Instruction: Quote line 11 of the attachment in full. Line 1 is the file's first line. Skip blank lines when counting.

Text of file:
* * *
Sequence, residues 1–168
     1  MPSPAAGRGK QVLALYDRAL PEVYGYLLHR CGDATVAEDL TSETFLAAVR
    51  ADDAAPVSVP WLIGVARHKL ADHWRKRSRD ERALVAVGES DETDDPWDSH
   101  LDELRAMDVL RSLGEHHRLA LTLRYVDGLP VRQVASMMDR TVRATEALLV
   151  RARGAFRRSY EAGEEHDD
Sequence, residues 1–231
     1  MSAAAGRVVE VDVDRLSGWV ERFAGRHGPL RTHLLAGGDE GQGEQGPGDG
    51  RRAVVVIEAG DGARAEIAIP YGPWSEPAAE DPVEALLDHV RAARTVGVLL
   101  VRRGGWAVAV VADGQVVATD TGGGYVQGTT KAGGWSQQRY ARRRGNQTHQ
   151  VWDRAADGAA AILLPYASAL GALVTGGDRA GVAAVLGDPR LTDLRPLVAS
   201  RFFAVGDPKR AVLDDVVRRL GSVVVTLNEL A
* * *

   201  RFFAVGDPKR AVLDDVVRRL GSVVVTLNEL A